Ritchie Blackmore (Deep Purple/Rainbow) became a mystic musician not only for his look, clothes and playing. But also for his your introverted personality. In an interview with The Guardian back in 2017 the guitarist talked about ghosts and a haunted clock he owns.
When Ritchie Blackmore talked about ghosts and a haunted clock he owns:
The Guardian journalist Michael Hann visited Blackmore’s house basement that has a bar in it, in Long Island at the time. Ex-Deep Purple guitarist said when they were going downstairs that he would notice “that vibe of being haunted”.
Blackmore presented a clock in the bar that was gift from a friend and is haunted, saying: “It only chimes when it’s in agreement with something. Or when we’re talking on a frequency the clock understands. It’s a very strange thing. And if we ever talk about religious things, it gets excited and it starts going off.”
The guitarist also said he has a theory that ghosts are attracted to religious people and symbols:
“I don’t know if that taunts the ghost, or sets off an energy that excites them. I was watching a show last night. They were investigating this house and sure enough there were crucifixes and religious pictures all over the place. It’s strange they hadn’t figured that one out and thought it might have been causing ghostly activity.”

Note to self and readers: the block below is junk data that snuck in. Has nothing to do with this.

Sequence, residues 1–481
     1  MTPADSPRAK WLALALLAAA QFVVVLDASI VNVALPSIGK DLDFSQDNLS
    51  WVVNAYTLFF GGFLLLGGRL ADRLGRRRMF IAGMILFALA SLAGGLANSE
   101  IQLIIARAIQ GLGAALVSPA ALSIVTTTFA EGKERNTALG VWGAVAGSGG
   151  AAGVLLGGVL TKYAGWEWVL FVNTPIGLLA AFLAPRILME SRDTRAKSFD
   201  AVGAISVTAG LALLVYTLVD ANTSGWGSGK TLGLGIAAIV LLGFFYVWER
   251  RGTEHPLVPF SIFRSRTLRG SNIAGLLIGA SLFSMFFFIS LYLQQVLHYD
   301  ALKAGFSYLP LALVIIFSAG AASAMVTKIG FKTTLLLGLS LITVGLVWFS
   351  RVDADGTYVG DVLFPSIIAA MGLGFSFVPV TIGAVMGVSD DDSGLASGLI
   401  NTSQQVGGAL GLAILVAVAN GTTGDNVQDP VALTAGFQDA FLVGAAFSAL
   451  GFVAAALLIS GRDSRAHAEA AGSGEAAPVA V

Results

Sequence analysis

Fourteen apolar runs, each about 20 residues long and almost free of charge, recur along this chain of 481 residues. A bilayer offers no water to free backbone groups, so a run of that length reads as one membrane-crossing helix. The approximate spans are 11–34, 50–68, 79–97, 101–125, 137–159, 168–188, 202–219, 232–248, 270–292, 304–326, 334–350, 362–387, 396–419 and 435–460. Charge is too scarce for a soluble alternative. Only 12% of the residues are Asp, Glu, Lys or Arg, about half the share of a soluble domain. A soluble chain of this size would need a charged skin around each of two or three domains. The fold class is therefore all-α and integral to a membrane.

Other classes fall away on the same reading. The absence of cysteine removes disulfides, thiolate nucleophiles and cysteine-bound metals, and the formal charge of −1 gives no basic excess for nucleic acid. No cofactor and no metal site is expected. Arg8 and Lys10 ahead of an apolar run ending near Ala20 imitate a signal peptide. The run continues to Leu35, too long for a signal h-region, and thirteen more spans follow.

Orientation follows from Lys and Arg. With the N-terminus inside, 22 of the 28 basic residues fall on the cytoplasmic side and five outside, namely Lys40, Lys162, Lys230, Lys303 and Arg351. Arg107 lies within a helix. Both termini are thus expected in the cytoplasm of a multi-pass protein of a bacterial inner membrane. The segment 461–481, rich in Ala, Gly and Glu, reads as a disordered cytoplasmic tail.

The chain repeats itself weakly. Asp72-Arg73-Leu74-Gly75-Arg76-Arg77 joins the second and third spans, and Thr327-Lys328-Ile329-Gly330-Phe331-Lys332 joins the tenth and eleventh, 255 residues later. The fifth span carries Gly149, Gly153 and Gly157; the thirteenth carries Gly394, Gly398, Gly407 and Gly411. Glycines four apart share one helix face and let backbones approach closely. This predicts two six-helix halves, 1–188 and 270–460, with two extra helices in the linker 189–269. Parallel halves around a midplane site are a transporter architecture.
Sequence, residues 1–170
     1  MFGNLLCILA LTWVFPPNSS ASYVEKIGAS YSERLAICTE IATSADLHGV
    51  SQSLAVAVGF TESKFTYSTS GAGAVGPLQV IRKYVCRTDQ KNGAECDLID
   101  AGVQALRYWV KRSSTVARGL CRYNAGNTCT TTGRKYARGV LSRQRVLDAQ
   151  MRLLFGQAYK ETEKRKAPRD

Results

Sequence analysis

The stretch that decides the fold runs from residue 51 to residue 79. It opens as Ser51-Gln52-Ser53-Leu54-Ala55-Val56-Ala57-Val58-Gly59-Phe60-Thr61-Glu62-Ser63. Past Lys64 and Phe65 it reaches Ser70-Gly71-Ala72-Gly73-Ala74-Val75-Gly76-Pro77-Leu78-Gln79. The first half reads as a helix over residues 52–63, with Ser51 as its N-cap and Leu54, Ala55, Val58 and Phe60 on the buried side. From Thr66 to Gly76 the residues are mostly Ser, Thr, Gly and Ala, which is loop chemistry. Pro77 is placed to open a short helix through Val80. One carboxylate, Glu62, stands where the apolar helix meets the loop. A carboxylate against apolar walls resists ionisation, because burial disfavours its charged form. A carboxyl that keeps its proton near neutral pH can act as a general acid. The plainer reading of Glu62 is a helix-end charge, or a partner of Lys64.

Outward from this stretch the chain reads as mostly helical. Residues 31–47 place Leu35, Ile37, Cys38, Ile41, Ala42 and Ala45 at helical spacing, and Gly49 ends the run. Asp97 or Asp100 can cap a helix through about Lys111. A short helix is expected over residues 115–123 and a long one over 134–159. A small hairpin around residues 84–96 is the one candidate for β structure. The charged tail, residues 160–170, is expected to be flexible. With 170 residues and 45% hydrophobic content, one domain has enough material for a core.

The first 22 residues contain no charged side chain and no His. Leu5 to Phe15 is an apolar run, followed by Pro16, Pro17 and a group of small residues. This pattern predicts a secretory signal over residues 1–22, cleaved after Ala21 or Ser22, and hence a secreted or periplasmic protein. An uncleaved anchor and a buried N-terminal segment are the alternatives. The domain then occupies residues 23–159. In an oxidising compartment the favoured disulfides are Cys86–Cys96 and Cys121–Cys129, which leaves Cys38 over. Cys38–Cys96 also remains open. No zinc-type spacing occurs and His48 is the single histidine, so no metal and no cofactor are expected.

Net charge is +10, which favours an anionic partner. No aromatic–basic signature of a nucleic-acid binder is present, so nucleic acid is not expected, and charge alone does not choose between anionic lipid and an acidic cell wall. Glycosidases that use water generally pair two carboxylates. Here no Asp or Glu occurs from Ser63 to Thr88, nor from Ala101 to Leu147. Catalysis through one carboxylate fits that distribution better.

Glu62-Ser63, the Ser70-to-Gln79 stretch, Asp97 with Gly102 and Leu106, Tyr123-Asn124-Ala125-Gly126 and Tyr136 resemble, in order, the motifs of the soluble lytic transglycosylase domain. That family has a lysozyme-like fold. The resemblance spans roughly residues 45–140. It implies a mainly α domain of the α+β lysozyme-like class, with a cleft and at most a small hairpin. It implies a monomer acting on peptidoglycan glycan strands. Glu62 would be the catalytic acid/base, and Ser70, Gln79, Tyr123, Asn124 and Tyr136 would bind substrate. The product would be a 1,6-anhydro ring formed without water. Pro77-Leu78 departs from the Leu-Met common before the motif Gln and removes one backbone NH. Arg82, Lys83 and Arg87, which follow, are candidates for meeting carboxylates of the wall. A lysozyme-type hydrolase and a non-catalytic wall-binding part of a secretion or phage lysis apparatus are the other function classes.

“I find it a fascinating subject. Because we’re all going to end up going somewhere and it would be nice to know if it was a nice place.”
Shortly after he was born, Ritchie moved from Weston-Super-Mare to Heston, Middlesex, then two years old. His father bought him his first guitar in 1955, when he was 10, and gave him some classical guitar lessons. Interestingly, at the beginning Ritchie was not very talented and took a long time to learn the instrument. Until, at 13, his father, already without patience, said that he would break his guitar if he did not progress, otherwise he would be seriously punished.
The first band that Ritchie played, while still very young, was the 2Is Coffe Bar Junior Skiffle Group, playing acoustic guitar. But gained recognition (only in England) when between 1962-1967 he accompanied larger groups such as the Savages (who had Screaming in his cast) Lord Sutch, who brought Ritchie’s first recorded solo, in a cover by Johnny Burnett called “Train Kept A Rollin”), Heinz & The Wild Boys, The Outlaws, and Neil Christian’s Crusaders.
Also, Blackmore was considered the 50th best guitarist of all time by the American magazine Rolling Stone.